This Court therefore entered an Order (Text Order dated Sept. 14, 2016) staying this matter in light of Beckles v. United States, No. 15-8544, 2016 WL 1029080 (U.S. June 27, 2016), which was then pending before the United States Supreme Court. After the Supreme Court decided the case in Beckles v. United States, U.S.____, ____ 136 S.Ct. 2510 (2016), the Court initially lifted the stay, but later entered an Order [Doc. #111] imposing another stay in light of United States v. Brown, No. 17-9276 (U.S), which was then pending before the United States Supreme Court on a petition for certiorari. The Court ordered that any Response by the Government be filed within 30 days of a decision in Brown. The Supreme Court later denied certiorari in Brown v. United States, U.S.___, ___ 139 S.Ct. 14 (2018). The Government then responded with a Motion to Dismiss [Doc. #112]. Despite being notified of his right to file a Response, Petitioner did not file any opposition to the Motion to Dismiss. Having considered the filings, the Court will recommend that the stay be lifted and will address the parties' pending Motions.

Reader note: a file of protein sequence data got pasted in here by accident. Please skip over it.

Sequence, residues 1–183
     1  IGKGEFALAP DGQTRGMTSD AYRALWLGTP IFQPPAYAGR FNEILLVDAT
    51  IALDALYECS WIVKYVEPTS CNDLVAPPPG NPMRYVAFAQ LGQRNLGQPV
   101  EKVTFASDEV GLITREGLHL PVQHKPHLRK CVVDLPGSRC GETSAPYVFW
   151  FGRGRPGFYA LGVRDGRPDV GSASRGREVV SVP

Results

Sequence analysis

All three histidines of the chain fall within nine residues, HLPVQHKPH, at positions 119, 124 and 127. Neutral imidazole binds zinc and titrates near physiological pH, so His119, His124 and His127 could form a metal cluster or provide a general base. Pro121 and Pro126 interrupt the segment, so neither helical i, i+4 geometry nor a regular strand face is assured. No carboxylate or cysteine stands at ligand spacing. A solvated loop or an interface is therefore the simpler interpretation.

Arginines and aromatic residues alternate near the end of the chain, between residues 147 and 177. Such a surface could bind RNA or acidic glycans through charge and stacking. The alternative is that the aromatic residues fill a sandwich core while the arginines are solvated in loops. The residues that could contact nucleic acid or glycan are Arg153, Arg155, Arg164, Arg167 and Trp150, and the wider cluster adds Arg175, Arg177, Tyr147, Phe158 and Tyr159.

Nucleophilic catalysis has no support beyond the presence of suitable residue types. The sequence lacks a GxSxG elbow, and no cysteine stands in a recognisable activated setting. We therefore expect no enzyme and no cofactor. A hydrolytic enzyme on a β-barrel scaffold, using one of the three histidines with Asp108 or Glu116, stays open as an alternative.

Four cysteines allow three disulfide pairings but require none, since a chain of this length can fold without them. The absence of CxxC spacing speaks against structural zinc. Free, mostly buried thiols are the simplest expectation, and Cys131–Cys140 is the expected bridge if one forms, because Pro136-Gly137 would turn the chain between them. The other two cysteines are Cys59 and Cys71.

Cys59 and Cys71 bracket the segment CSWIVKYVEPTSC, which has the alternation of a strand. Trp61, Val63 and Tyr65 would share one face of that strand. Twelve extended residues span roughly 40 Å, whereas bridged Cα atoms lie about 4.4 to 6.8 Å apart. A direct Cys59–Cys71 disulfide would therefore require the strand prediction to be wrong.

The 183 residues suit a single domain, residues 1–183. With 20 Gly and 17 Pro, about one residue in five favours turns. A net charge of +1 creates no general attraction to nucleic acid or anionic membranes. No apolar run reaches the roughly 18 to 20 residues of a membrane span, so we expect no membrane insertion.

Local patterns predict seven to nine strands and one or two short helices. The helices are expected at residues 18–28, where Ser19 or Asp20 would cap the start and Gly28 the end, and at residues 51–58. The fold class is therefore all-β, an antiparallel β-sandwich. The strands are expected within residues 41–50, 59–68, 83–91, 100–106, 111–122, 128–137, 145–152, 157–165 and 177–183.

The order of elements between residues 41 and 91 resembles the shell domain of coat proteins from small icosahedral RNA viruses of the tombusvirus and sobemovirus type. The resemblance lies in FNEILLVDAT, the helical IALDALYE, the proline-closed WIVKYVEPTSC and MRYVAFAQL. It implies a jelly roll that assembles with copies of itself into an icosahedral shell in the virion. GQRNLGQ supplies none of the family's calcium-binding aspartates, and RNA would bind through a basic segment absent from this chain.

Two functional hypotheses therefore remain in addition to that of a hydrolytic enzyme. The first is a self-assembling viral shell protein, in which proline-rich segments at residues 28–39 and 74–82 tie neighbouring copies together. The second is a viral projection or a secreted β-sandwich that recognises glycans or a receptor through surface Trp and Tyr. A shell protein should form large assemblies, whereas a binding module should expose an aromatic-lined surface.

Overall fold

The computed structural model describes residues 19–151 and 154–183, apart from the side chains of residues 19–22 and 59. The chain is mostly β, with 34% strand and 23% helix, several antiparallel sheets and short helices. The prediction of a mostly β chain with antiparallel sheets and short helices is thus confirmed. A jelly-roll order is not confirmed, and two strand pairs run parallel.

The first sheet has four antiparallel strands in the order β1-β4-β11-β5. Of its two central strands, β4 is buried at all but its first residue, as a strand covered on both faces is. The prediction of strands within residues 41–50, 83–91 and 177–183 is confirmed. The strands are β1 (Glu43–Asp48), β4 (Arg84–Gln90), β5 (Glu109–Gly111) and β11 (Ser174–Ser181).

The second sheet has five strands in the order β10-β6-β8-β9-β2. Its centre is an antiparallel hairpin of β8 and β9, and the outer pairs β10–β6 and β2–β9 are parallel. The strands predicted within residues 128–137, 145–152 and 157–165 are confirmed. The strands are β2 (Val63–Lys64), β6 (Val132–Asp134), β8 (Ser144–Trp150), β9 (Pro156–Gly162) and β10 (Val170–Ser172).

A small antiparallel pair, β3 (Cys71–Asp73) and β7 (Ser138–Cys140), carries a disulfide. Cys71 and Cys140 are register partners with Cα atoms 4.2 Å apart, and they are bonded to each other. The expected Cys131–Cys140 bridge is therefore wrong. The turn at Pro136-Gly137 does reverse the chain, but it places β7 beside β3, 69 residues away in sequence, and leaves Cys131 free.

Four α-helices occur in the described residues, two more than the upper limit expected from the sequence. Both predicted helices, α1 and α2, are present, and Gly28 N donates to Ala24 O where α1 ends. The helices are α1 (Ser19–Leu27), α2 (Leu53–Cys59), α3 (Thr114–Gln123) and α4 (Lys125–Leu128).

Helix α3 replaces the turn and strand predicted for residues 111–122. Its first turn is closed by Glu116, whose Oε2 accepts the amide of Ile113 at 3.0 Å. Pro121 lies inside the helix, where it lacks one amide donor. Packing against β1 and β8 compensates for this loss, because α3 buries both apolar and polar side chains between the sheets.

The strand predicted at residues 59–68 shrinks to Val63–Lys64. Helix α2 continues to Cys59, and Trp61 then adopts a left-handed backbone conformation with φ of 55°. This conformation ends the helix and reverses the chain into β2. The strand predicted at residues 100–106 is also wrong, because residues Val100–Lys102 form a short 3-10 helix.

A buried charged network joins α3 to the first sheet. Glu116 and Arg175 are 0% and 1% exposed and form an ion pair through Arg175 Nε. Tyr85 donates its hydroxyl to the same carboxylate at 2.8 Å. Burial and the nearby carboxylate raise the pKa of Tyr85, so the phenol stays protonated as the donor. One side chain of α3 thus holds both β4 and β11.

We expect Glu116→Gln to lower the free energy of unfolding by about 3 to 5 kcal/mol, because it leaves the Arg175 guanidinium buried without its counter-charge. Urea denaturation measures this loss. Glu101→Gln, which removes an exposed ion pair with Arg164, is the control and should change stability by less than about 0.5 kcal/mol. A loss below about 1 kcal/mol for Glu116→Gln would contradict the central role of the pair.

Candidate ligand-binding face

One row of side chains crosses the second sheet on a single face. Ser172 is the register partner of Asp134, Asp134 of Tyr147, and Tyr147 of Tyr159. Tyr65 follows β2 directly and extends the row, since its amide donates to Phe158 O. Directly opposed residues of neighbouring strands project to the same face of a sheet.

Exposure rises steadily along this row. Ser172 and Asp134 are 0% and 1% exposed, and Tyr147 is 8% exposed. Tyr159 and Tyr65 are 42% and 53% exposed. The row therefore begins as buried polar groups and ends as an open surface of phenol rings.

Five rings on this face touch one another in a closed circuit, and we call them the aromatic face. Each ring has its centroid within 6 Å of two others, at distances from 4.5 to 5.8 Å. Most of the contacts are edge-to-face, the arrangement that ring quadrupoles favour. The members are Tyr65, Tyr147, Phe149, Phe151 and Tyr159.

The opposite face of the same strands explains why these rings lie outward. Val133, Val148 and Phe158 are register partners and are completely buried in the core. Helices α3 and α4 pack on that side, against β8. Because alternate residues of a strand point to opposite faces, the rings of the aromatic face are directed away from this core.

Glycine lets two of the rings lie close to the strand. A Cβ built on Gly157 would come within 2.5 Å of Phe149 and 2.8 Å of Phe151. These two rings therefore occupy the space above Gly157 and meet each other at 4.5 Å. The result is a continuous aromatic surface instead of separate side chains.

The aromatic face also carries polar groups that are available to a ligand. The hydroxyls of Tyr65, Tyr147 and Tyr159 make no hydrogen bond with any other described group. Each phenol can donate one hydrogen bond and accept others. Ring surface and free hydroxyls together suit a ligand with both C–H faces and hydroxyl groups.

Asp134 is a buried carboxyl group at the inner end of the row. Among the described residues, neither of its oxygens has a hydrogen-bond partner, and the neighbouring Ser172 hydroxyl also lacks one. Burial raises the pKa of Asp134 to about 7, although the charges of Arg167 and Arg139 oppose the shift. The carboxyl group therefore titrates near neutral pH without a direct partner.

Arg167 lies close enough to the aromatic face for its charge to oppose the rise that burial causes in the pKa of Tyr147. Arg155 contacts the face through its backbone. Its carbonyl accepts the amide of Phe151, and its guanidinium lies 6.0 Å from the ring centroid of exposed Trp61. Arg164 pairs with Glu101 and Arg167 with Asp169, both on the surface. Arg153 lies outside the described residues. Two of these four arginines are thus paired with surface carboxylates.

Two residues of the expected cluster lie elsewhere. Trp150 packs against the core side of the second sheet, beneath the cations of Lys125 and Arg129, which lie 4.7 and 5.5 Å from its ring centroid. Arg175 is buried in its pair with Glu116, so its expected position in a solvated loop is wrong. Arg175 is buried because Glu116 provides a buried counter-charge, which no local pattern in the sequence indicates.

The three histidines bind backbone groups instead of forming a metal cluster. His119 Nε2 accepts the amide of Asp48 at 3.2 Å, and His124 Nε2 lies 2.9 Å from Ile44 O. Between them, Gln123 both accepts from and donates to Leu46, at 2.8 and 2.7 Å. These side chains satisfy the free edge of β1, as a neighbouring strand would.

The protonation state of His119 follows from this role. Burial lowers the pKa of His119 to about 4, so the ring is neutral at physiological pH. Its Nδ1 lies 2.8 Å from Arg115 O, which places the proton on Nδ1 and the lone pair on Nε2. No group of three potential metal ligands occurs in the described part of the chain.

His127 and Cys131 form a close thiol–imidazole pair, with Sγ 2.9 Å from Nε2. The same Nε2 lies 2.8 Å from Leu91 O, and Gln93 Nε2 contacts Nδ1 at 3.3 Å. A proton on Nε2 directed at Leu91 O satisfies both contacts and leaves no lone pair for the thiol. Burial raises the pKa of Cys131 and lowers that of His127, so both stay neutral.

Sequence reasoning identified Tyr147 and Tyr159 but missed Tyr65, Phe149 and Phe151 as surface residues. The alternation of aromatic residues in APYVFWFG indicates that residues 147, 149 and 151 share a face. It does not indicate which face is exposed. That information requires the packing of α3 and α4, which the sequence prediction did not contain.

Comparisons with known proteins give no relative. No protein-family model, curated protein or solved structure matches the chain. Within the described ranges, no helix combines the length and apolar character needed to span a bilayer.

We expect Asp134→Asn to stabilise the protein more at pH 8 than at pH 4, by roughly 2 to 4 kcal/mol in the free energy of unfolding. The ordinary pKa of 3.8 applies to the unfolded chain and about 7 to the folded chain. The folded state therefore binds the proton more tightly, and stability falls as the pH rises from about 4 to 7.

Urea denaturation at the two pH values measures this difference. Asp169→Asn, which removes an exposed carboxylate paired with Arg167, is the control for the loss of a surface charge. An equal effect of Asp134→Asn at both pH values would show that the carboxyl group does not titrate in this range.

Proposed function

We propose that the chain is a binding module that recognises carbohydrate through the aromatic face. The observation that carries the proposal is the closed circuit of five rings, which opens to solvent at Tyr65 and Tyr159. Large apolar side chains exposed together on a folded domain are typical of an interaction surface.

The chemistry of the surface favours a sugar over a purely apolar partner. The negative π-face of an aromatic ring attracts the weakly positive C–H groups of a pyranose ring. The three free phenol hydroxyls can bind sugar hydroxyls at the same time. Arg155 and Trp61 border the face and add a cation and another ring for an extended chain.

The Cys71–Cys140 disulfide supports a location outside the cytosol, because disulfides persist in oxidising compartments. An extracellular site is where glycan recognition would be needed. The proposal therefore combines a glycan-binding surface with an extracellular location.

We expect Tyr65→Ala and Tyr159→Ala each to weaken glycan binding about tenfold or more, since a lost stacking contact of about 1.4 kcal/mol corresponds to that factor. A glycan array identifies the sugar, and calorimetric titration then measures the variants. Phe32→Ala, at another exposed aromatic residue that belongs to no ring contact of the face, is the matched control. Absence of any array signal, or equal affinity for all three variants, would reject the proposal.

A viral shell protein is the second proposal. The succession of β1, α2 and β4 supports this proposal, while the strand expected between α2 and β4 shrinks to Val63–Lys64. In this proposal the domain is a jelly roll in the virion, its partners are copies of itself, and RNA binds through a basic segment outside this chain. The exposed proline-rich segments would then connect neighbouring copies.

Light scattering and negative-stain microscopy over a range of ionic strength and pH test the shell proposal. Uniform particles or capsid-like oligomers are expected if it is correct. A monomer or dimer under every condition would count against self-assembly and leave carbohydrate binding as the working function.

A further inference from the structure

Petitioner's pending § 2255 Motion raises a single ground for relief in which he challenges his sentence based on United States v. Simmons, 649 F.3d 237 (4th Cir. 2011). He contends that a sentencing enhancement applied to him under 21 U.S.C. § 851 is no longer valid following Simmons. Despite having been given permission to file his § 2255 based on Johnson v. United States, ___U.S.___, 135 S.Ct. 2551 (2015), at no point does Petitioner appear to raise or argue a claim based on that case.

         Respondent requests dismissal on the ground that Petitioner's Motion was filed outside of the one-year limitation period imposed by the Antiterrorism and Effective Death Penalty Act of 1996, P.L. 104-132 (“AEDPA”). 28 U.S.C. § 2255(f). The AEDPA amendments apply to all motions filed under § 2255 after their effective date of April 24, 1996. Lindh v. Murphy, 521 U.S. 320 (1997). Interpretations of 28 U.S.C. §§ 2244(d)(1) and 2255 have equal applicability to one another. Sandvik v. United States, 177 F.3d 1269, 1271 (11th Cir. 1999).